Native American 'Lifeways'

This program includes lectures and demonstrations about Native American folklore and living by Daniel Firehawk Abbott, an Easton-based teacher, lecturer and amateur historian, and flutist Robert Willasch. Abbott, who began researching his Native American ancestry more than 20 years ago, will present models, replicas and reproductions of Native American tools, containers and dwellings. He will also discuss the history of the bow and arrow and lead a walking tour through the grounds of Hancock's Resolution, a 17th-century house in Pasadena, to point out and discuss plants that the Nanticoke and other Eastern Shore Indians used for food, medicine and tools. The presentation will include flute, toolmaking and cooking demonstrations. 10 a.m.-4 p.m. Saturday and 1-4 p.m. Sunday. Hancock's Resolution, 2795 Bayside Beach Rd., Pasadena. $2.50 general admission; families, $5; members and children 6 and younger, free. 410-255-4048.

Summer Readings

Poets J. Wesley Clark, Andrea Wyatt, William Viant and Alicia Potee will read their latest works during the Annapolis Poetry Festival's "Summer Readings," presented in conjunction with Rams Head Tavern. Clark, an Annapolis native and founder of the festival, has published more than 400 works that have appeared in literary journals and magazines. Wyatt, of Washington, has published 14 books and was a co-editor of the Brooklyn Anthology. Viant, of Annapolis, has written for the Baltimore Review, Puerto del Sol and Willow Springs. Potee, a recent graduate of St. John's College in Annapolis, has received awards from the National Foundation for Advancement in the Arts. Her work has been published in the Pearl, the Dancing Shadow Review and the Baltimore Review. The event will include live music by Adrian Bond. 8 p.m. Monday. Rams Head Tavern, 33 West St., Annapolis. $10. 410-268-4545.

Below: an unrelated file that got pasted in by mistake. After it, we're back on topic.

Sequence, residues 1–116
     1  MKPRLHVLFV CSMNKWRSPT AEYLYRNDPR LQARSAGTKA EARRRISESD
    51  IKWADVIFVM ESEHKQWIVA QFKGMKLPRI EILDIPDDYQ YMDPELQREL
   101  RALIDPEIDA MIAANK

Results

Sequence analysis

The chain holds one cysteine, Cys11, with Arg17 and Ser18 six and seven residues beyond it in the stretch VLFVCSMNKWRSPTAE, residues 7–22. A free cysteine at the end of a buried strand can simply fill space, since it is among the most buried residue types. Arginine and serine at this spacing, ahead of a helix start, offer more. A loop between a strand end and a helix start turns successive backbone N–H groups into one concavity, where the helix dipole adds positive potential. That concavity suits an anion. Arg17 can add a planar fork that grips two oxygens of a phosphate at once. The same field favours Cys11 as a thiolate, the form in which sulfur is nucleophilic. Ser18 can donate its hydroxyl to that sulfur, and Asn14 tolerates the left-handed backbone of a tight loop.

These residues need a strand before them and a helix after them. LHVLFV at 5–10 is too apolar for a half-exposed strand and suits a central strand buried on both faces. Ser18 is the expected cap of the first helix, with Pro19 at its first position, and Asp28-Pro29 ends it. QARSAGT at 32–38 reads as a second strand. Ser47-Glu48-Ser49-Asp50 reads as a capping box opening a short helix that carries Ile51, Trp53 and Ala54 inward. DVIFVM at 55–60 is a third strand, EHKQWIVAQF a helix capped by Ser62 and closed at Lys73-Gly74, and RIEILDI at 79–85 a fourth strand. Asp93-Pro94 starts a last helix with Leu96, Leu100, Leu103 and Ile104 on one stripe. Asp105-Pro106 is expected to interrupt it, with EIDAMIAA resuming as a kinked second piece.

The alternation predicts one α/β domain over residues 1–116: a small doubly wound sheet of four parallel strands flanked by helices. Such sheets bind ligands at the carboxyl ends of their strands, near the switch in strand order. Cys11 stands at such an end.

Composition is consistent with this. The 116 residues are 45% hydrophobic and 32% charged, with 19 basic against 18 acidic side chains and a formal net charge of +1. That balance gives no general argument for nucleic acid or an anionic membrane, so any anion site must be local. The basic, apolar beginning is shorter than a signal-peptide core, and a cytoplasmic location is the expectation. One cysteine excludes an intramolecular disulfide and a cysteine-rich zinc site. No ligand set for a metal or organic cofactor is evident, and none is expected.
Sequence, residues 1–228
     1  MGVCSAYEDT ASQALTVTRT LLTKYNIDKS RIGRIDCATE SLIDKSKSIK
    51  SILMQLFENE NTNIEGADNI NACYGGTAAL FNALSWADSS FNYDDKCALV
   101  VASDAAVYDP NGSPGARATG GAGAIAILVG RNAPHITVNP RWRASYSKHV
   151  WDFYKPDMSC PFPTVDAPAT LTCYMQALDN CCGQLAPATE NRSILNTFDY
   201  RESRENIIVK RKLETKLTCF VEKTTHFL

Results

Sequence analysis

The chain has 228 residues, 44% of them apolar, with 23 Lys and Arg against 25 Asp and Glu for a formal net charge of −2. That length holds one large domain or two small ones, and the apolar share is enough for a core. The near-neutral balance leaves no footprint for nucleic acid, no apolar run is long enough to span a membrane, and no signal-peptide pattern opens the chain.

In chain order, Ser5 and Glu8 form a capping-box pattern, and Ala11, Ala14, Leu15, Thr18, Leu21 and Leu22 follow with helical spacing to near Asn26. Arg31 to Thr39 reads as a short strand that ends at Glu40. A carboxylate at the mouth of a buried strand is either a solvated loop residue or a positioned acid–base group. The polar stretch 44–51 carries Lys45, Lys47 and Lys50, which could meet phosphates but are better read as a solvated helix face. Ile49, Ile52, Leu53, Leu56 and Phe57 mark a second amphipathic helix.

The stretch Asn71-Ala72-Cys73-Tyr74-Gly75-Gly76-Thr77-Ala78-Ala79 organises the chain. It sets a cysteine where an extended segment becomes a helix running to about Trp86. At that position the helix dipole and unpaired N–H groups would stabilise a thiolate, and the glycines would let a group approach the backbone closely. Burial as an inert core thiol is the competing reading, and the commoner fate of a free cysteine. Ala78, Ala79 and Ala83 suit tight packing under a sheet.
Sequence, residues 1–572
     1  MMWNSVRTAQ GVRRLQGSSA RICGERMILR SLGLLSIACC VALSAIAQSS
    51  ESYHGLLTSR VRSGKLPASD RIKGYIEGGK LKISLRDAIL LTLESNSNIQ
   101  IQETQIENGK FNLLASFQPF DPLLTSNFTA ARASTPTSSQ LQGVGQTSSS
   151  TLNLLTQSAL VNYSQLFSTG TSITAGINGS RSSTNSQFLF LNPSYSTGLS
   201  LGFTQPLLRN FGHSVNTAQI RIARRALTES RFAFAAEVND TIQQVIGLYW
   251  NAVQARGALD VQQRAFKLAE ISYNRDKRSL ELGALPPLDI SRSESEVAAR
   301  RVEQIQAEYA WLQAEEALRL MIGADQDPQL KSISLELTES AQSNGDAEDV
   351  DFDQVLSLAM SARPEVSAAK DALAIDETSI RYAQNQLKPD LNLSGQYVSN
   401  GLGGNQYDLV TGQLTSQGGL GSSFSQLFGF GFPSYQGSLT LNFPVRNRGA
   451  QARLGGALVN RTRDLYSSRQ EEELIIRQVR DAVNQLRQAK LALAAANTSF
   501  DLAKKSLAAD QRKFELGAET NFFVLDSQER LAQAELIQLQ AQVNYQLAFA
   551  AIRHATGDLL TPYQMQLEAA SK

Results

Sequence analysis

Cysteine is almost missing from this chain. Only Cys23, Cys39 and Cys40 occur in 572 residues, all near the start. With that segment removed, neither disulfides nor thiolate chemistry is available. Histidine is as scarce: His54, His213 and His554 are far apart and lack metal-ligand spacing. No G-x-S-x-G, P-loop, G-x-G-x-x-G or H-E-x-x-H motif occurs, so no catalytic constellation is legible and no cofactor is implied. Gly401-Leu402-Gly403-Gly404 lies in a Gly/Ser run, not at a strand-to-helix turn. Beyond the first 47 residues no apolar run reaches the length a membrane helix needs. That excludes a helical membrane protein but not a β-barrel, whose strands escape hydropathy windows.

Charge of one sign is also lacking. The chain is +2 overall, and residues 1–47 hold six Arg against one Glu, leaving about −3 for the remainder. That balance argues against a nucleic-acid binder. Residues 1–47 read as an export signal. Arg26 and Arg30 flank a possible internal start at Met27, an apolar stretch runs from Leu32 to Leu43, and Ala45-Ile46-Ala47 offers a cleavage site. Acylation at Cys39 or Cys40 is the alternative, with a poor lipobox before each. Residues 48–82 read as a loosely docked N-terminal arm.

'Woman on the Edge'

Annette, the protagonist in playwright Rosemary Frisino Toohey's "Woman on the Edge," worries her family and friends after she hangs a Christmas wreath on her front door in the middle of May. They call the police -- after several failed attempts to reach her -- and when an officer arrives, the 64-year-old retired schoolteacher shoots at the officer. This occurs during a nervous breakdown in which Annette questions the significance of her life. A comedy, the play will be performed at the Chesapeake Arts Center as part of the Baltimore Playwrights Festival. Toohey, who wrote the play in December, won first place in the West Virginia-based Towngate Theatre Playwriting Contest for the work. It has been produced in New York, Los Angeles and Baltimore. 8 p.m. Friday and Saturday, 3 p.m. Sunday, from July 30 to Aug. 15. Studio Theatre, Chesapeake Arts Center, 194 Hammonds Lane, Brooklyn Park. General admission, $15; members, $12. 410-636-6597 or www.chesapeakearts.org.